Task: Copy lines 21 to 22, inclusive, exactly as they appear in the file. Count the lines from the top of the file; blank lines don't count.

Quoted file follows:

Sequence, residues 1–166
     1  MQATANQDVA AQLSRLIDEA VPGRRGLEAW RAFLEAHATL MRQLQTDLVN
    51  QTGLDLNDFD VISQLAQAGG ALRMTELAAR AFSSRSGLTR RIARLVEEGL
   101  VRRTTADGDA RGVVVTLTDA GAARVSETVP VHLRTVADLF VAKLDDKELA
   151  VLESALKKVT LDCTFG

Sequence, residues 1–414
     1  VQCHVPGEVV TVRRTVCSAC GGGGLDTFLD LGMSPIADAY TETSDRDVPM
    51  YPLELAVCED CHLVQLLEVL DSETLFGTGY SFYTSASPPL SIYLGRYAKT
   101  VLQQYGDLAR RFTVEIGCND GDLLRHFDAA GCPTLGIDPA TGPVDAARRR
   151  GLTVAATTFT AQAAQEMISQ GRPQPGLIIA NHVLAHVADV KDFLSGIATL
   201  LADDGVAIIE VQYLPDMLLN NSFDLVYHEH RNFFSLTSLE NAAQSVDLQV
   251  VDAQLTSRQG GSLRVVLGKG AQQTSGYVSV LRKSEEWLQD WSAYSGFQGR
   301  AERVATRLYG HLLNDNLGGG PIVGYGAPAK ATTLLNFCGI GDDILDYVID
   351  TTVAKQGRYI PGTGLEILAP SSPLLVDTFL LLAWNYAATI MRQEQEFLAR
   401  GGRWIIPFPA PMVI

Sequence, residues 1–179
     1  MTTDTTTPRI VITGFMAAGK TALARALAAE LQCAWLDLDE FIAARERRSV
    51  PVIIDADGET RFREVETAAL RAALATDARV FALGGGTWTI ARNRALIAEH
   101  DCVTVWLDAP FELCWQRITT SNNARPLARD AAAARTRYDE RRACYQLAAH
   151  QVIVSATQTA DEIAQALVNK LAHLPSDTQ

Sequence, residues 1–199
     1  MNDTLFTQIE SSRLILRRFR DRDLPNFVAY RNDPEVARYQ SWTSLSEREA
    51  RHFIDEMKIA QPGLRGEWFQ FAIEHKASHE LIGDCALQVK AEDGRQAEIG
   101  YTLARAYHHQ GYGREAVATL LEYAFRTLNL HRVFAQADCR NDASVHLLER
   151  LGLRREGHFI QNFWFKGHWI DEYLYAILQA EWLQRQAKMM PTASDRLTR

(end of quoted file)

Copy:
Sequence, residues 1–199
     1  MNDTLFTQIE SSRLILRRFR DRDLPNFVAY RNDPEVARYQ SWTSLSEREA